Rescue is often not close by, either. Search and rescue aircraft are all located thousands of kilometres away — in British Columbia, Nova Scotia and Ontario.
Peter Garden, a tourist from New Zealand who is sailing the passage with his family, said he is used to charts not being accurate in places such as the South Pacific, where they can be off by up to two miles.
"It’s nothing like that here but the errors are significant – they can be a quarter of a mile and if you’re navigating in a narrow passage with rocks around you have to always assume that there can be unknown dangers," said Garden.
"The charts tend to be accurate, they’re just not aligned correctly to where they should be. They need to be moved up or down, east or west, a little bit."
Rothwell said sailing the Arctic is not for amateurs.
"Anybody that’s coming up here in a yacht is not a first time sailor," he said.
Some towns not well-equipped for tourists
There’s also a lack of amenities for visitors in a territory where tourism is still a fledgling industry.
The 2008 visitors’ exit survey found that more than half of Nunavut’s yearly visitors were travelling for business, not leisure. The high cost of travel in the North continues to be a common complaint. In the survey, only 41 per cent of visitors to Nunavut said they felt their trip was good value for the money spent.
The sailors all agreed Cambridge Bay is well equipped for tourists compared to some of the places they had been in the North.
"[In Tuktoyaktuk, N.W.T.,] we found it impossible to find an internet connection, certainly nowhere to do your laundry," said Garden.
"They invited us to the community hall where they had drum dancing and so on and we had a great time there. But if you flew in as a tourist expecting an amazing sort of northern experience you might find it difficult to find things to occupy yourself."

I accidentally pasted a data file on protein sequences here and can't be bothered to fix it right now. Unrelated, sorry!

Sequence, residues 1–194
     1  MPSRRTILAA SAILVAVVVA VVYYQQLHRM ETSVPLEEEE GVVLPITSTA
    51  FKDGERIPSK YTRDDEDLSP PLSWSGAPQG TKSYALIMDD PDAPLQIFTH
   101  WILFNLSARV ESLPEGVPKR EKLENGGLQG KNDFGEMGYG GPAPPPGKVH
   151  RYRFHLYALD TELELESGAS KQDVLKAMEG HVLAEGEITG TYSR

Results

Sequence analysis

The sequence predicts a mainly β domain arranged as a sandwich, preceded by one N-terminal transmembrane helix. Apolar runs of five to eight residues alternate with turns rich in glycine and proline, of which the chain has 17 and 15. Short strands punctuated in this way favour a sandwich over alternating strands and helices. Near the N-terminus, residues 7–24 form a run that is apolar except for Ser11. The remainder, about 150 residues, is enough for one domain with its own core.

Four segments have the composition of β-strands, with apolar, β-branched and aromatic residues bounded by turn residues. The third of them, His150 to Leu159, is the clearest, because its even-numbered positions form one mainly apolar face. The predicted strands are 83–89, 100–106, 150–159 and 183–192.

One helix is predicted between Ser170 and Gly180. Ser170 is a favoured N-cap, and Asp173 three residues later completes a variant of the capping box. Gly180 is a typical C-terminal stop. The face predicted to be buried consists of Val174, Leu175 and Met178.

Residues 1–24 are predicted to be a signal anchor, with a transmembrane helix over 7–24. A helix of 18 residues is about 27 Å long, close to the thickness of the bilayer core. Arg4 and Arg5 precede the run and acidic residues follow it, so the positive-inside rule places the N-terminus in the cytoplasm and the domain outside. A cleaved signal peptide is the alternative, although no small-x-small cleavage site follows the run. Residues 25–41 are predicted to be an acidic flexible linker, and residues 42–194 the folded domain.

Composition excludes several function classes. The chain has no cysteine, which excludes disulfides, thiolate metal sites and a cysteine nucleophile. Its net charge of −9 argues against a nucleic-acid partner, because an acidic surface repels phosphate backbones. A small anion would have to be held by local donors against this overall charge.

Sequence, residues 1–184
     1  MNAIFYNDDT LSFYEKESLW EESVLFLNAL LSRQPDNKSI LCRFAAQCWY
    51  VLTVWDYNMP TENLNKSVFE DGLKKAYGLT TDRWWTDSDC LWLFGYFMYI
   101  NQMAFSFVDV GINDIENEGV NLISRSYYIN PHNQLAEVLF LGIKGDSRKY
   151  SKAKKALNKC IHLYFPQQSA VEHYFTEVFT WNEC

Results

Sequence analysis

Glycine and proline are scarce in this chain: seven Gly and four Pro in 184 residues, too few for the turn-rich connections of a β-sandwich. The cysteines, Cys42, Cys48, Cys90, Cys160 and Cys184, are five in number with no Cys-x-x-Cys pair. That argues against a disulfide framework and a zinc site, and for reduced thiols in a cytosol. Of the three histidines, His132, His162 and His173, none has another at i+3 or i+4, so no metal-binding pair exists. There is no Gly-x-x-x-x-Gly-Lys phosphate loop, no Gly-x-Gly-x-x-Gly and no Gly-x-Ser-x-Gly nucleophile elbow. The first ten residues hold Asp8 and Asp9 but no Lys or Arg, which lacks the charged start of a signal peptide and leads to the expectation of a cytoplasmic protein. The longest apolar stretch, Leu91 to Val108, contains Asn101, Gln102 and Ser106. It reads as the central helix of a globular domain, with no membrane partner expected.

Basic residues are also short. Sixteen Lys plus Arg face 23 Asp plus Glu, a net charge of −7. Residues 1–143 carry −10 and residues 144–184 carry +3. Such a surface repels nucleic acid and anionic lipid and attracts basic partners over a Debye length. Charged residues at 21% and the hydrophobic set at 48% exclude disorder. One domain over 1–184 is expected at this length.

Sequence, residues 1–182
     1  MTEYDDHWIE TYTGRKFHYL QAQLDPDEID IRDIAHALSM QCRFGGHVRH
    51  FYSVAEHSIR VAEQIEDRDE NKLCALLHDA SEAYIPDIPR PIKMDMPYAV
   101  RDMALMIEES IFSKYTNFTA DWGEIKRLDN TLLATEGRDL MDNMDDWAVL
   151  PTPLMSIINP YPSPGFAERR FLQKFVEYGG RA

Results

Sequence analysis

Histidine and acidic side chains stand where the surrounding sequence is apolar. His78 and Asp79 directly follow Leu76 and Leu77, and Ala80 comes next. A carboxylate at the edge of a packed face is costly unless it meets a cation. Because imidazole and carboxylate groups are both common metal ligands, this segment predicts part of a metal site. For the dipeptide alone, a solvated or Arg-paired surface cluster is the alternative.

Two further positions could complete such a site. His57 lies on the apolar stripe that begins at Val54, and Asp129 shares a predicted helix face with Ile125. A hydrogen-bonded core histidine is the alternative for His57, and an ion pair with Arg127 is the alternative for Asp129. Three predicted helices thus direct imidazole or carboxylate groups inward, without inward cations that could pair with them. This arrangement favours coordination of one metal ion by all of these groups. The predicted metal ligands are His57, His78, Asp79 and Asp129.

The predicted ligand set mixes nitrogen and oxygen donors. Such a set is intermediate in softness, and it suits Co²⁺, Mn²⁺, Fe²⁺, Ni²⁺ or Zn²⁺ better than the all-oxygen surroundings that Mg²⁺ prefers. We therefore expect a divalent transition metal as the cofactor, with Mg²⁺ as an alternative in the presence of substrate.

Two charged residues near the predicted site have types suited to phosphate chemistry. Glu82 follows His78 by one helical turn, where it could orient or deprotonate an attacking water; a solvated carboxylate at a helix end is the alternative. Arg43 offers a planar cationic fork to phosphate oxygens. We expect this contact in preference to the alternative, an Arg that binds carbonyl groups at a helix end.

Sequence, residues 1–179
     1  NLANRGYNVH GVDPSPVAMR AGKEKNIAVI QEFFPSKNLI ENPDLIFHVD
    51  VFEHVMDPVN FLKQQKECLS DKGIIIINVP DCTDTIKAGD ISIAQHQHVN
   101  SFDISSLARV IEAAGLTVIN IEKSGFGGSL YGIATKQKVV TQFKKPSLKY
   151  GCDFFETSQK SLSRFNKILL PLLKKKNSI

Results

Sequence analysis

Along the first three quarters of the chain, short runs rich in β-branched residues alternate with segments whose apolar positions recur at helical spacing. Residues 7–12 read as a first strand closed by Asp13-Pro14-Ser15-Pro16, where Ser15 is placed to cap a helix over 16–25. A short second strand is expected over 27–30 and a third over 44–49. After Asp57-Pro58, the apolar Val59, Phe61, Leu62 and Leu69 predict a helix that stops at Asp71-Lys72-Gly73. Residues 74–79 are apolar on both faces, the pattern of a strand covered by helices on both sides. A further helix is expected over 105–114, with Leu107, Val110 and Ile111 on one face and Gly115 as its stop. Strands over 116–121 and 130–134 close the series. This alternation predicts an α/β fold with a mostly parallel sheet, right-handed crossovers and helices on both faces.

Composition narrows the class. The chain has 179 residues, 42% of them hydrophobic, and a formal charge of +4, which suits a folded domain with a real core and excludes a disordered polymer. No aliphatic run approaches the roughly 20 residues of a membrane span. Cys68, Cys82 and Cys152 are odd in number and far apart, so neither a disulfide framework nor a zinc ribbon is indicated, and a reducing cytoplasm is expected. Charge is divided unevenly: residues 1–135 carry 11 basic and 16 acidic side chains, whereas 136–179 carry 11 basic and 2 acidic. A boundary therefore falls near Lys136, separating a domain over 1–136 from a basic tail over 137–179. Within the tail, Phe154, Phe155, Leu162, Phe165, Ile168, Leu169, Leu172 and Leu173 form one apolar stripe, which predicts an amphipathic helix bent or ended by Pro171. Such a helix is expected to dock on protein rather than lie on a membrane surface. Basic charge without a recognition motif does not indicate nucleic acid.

Taking advantage of growing interest in the North
Aitaok said when the cruise ships first started arriving in Cambridge Bay, she noticed the visitors "sort of wandered around town in these red coats".
Now the hamlet offers cruise companies an extensive cultural program and paid guides take the visitors around town.
"[They] take groups of 10 to 15 people and they talk about everything, from the water and sewage truck delivery, to the gravel roads, to why the houses are on stilts, to the Bay Maud out in the bay and the history of the LORAN tower," she said, referring to the town’s Long Range Navigation tower that has been there since the late 1940s.
If Cambridge Bay were to accommodate more visitors, Aitaok and King say infrastructure improvements are needed. King points to a need for more hotels and restaurants, and Aitaok said a longer, paved runway would allow larger planes to land, lowering costs for passengers and freight.
"The cost to get here is probably the biggest barrier," said Aitaok. "Any way that that could be reduced we would see certainly a lot more people coming."
"Everything that we do, that we take for granted here in our day-to-day, is seen by so many other people as just ‘wow’, unusual. People in the community are starting to recognize that, and are very proud of it."